Sunday, April 23, 2006

Miscellaneous links, 2006-04-22

Here's where I put interesting stuff I don't have time to write about in detail. Mostly it will be noteworthy Web sites or great articles that stand on their own without further commentary.

The Brain from Top to Bottom
A superb, interactive tutorial on brain structure and function. Covers most important topics, like memory, emotions, and the senses. It offers separate discussions on three different levels: beginner, intermediate, and advanced. Discussions are also classified in terms of level of physical organization (social, psychological, neurological, cellular, and molecular). Each discussion has many internal cross references to others, as well as external links on each page.

Questions and Answers About Avian Flu
Very good set of questions and answers by Denise Grady and Gina Kolata, published March 27, 2006 in the New York Times.

Nanotechnology: CTF Essays, Part 1
This is a press release from the Center for Responsible Nanotechnology, announcing a series of new research papers in which industry experts predict profound impacts of nanotechnology on society. A couple of the authors (Ray Kurzweil and David Brin) will be known to a fairly wide audience. Papers which have already been published are available here, along with forums for online discussion of the topics. (Press release also available here.)

Center for Responsible Nanotechnology
From the site: "The Center for Responsible Nanotechnology is a non-profit research and advocacy organization concerned with the major societal and environmental implications of advanced nanotechnology." Useful content of the site includes issues, external links, nanotech FAQ, glossary, and a blog.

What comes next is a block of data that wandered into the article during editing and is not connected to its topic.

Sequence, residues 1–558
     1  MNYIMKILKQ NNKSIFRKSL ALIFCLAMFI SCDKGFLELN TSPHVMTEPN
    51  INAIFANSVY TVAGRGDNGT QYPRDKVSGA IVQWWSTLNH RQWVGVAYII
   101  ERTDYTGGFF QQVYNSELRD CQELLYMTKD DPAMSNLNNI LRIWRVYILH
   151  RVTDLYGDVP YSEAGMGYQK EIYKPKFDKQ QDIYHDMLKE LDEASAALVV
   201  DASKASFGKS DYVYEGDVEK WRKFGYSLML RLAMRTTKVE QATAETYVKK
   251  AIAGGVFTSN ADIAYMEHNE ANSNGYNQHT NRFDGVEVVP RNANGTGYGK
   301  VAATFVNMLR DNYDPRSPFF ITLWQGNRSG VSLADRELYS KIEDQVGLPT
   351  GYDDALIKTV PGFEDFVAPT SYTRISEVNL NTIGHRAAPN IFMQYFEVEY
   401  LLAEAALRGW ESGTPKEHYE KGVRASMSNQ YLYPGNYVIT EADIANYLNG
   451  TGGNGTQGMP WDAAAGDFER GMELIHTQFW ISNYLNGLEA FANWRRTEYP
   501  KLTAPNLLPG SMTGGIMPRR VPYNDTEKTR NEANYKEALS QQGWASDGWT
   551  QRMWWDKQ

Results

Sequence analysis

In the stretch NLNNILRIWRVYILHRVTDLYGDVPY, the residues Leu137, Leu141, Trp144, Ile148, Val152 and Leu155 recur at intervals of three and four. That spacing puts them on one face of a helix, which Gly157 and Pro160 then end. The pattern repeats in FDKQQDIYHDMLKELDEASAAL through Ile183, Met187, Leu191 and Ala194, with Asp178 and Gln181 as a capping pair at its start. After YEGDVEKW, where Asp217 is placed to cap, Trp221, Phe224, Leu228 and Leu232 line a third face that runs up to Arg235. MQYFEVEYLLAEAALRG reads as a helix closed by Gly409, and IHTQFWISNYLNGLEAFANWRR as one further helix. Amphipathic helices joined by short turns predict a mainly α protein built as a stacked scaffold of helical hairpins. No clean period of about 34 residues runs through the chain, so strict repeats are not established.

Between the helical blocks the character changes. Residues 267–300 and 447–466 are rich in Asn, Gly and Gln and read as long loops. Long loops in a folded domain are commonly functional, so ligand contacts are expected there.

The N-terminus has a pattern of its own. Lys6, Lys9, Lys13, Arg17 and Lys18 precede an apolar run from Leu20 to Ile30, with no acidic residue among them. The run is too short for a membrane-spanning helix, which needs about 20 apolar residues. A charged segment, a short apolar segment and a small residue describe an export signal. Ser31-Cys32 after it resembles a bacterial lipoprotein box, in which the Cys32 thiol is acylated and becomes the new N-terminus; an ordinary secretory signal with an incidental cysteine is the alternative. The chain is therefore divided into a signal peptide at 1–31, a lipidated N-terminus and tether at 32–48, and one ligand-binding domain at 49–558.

Kurzweil is, among other things, a futurist. (More about him here or here, if you need it.) Have a look at his Web site if you're interested in any of the following: AI, virtual reality, life extension, nanotechnology, or robotics. (It could take weeks to get through all of it.)

MIT OpenCourseWare
As the name suggests, this is course material, such as syllabi, reading material, and sometimes lecture notes, from actual MIT courses. From the site: "a free and open educational resource for faculty, students, and self-learners around the world." It won't guarantee you'll ace your final in Quantum Field Theory. Or make up for the classes you cut in Developmental Biology. But it may help you learn a little about either of those subjects, and many others, if you haven't had the chance to crack a book on one of them before.

The Hundred Greatest Theorems
As rated by Paul and Jack Abad in 1999. Math grad student Nathan Kahl put the list up on the Web, with links to information about the theroems (when available), as well as links to biographical information on the mathematician credited with proving each theorem. Kahl also has a list of useful math links.


Links to this post:

Create a Link


Post a Comment

<< Home